So, Michael Kinsley is concerned that the sheer amount of blog content has reached apocalyptic proportions, what with all the redundant stories and serpentine link trails and reporters becoming bloggers becoming reporters becoming editors becoming vloggers becoming werewolves. So he wrote a piece about his concerns in this week's Time Magazine that's sure to get blogged about and linked to and passed around and placed on Romenesko and in the end we'll all be wallowing in our own stool. Self-fulfilling prophesy!
"How many blogs does the world need? There is already blog gridlock," Kinsley notes. And I sympathize! Here at the end of the election season, I find myself taking a hatchet -- not a scalpel -- to my feed aggregator. You know what? It turns out my life goes on okay if I miss everything that comes out on Taegan Goddard's Political Wire. I've learned that FiveThirtyEight.com can be checked a mere one time a day, without experiencing vertigo. It's been two solid weeks since I've felt the need to visit Time's online ponzi scheme known as The Page, and the experience has been like living inside a paradise, as imagined by Bollywood.
And, here's a full disclosure to some of my relatives and friends: I do not, in fact, have a perfect awareness of every single blog post written here, at The Huffington Post. I spend a nice, tidy amount of time paging through it every day, but you all need to disabuse yourselves of the notion that I can account for every blessed thing written on the site.
Kinsley offers up a bit of personal anecdote, to drive home his worry:
But many readers may be reaching the point with blogs and websites that I reached long ago with the Sunday New York Times Magazine--actively hoping there isn't anything interesting in there because then I'll have to take the time to read it.
Look, I'd be lying if I told you I hadn't experienced my own moments where I hoped there wouldn't turn out to be anything interesting in a blog I made a habit of reading. But I've usually found those thoughts to be the precursor to a larger realization: I was not, in fact, required to read everything! And that sometimes, certain publications are only intermittently interesting. (Good lord, the Sunday New York Times Magazine certainly fits that bill!)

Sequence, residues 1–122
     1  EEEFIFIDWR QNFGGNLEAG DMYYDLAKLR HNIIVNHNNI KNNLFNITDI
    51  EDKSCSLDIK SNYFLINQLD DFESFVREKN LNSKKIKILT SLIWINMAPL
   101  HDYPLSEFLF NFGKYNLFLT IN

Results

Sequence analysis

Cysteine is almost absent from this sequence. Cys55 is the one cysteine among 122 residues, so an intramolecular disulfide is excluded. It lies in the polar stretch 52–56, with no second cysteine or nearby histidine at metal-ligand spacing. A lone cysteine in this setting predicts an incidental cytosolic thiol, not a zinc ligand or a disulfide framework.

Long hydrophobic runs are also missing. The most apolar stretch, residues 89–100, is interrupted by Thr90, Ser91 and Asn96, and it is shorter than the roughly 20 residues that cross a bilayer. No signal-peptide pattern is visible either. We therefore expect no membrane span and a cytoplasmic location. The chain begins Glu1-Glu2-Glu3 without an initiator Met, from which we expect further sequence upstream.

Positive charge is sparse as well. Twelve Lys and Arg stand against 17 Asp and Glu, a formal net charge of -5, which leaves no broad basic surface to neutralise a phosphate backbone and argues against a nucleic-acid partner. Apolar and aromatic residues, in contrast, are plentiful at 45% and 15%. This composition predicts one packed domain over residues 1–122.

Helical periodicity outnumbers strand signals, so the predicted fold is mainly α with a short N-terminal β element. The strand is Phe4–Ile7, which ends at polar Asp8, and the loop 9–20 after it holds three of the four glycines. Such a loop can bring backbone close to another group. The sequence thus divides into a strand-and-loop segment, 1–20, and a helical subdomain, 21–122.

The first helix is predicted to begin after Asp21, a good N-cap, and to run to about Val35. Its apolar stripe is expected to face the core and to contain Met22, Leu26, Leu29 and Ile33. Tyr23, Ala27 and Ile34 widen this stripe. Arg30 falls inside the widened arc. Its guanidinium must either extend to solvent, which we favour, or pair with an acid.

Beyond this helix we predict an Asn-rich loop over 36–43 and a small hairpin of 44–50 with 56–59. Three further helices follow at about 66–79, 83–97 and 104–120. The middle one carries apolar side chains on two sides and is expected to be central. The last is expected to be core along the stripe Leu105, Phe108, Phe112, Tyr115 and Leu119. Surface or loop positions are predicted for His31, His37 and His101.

And that's just the thing: I just don't recognize the human beings suffering from blog overload in the way Kinsley describes it, as creatures I have met in Real Life. Blog readers are not all mindless, passive drones on a Sarah Palin-esque quest to read "all of them." The simplest solution to the problem Kinsley cites, it seems to me, is for sentient beings, capable of making choices, to exist. And I think they do! And those people can avail themselves of things like headlines to discern topic matter, and bylines to recognize fascinating authors, and start to reduce their glut of content.
By and large, I think that this is happening. I understand that we've just come through an amazing election season, during which Americans were staggeringly engaged in the process and the stakes, desperate for news and opinion and prediction and analysis. It was a period of involvement, driven by need. Some people will continue this level of involvement on certain topics -- I met a woman this past weekend who's so fascinated by the coming news of cabinet appointments that she felt compelled to visit a handful of sites multiple times a day. But, by and large, web content is not oxygen, and blogs are mostly things that people read in their spare time, for enjoyment. So the glut of content may continue to grow and grow, unabated, but it's existence does not necessitate our enslavement to it. Tomorrow, a tree shall fall in a forest somewhere, and this occasion shall pass, un-Twittered.
Really, if you want to do one thing right now to avoid being drowned in blog content, take this advice: limit yourself to reading only five Tumblrs, and only one from New York City, because they are all the same anyway.